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I was always under the impression that the number of televisions tuned to an over-the-air signal couldn't affect the strength of said signal. However, ever since the digital switchover I've noticed a strange phenomenon that I can't explain. I get fairly strong signals on all of the major networks. I can watch any of the following virtual channels and all of their sub-channels at practically any time of any day: 2, 4, 11, 13, 16, 19, 22, 31, 40, 53, 59, 66, and 69. The thing that puzzles me is this: During most OTA televised Steelers games, on whatever local channel they might air, the signal cuts out, digitizes, freezes, and does everything else one might expect due to weak reception. It also happened during the last Super Bowl broadcast and the recent Summer Olympics. It doesn't matter if the game's on 2, 4, 11, or 53. They all do it during the game but clear again up shortly afterward. A friend of mine who's somewhat into conspiracy theories says it's because Comcast pays off the station to lower the transmitter power during the games so we'll all be forced to switch to cable. Uh, no. I'm not a big football fan myself, so I could just find something else to watch if my wife wasn't so into the Steelers. I'm tired of hearing her complain about the signal breaking up when Big Ben is throwing. It did it again last night. Could it possibly be because so many other households are tuned to the same station at the same time? I typically would have argued against that possibility but I can't think of any other reason for it. Any ideas?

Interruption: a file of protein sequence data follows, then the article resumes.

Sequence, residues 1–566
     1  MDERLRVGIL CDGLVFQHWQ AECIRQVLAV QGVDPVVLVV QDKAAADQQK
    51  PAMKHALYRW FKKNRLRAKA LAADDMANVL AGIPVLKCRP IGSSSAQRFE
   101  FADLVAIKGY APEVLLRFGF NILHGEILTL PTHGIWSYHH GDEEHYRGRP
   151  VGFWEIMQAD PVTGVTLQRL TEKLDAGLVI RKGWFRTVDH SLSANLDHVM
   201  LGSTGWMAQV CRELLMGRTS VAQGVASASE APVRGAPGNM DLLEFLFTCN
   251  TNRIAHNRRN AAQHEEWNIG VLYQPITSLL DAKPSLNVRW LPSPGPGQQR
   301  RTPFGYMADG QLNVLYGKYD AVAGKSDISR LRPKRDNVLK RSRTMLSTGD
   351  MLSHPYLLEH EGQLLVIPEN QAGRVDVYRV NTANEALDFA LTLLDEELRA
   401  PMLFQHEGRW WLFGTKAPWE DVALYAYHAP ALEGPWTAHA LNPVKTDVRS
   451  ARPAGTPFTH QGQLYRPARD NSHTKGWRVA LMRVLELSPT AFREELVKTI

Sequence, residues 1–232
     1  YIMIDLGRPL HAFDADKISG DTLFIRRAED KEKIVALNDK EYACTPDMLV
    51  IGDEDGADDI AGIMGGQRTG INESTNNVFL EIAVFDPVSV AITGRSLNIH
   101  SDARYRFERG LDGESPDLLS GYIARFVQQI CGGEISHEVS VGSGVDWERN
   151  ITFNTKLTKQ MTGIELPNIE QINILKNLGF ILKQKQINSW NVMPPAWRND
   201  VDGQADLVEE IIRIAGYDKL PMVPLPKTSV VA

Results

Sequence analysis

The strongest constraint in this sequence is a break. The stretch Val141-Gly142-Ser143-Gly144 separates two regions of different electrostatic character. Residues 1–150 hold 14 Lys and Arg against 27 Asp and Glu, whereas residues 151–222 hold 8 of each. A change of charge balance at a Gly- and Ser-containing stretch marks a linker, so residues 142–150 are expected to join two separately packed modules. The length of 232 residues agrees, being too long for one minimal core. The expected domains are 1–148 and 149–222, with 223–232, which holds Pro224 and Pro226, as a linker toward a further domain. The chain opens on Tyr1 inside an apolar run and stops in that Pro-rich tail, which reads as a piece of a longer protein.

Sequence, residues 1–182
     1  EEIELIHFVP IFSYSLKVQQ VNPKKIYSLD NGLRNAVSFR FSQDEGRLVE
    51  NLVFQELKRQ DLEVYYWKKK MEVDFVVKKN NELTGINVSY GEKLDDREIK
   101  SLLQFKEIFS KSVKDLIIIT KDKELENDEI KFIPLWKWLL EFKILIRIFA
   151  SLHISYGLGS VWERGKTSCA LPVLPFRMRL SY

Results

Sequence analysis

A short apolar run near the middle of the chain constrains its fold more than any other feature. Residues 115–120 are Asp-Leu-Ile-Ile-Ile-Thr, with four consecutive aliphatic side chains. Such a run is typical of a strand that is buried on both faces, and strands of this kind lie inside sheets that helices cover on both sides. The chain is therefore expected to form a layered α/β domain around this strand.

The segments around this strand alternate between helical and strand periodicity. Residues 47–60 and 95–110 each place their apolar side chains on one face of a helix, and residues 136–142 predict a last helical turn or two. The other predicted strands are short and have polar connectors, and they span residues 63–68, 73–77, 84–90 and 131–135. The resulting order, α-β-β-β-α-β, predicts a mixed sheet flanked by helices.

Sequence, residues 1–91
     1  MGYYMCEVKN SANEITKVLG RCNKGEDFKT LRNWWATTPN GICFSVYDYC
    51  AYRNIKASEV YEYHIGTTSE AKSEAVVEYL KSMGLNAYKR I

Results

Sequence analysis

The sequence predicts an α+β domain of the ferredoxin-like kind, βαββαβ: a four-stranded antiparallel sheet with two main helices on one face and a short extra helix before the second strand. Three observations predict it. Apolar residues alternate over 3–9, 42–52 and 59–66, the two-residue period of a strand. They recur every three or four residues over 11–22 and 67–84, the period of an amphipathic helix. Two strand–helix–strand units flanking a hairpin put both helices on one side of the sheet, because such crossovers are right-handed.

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post #4672 of 4676 Old 09-13-2016, 07:48 PM
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weather, airplanes, something. It's against FCC rules to arbitrarily change power. Most likely, the games happen to coincide with some other issue. Where do you live in relation to the rivers, airport and so forth?

Walking the fine line between jaw-dropping and a plain ol' yawn.
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You also haven't mentioned what kind of antenna you're using.

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Originally Posted by DrDon View Post
Most likely, the games happen to coincide with some other issue. Where do you live in relation to the rivers, airport and so forth?
I'm midway up the hill above ATI Steel's Brackenridge plant. Ground elevation is about 150 feet higher than the Allegheny River. The antenna is about 30 feet above the ground in my attic.

I've often checked for local interference by trying to view another channel during the games and there isn't any interference on any channel except whatever station is carrying the game at the time. So if it was a neighbor running a blender, for instance, it should affect most all of the channels. I can't watch TV at all when he mows his lawn with an electric mower, for instance.

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Originally Posted by Trip in VA View Post
You also haven't mentioned what kind of antenna you're using.
I'm using a 1990s Archer VU-90 hung from the ceiling in my attic. As I've stated, I get very good reception almost all of the time. It's a directional antenna, and I have it pointed to optimize channel 4-3, which is my toughest station to maintain a reliable signal.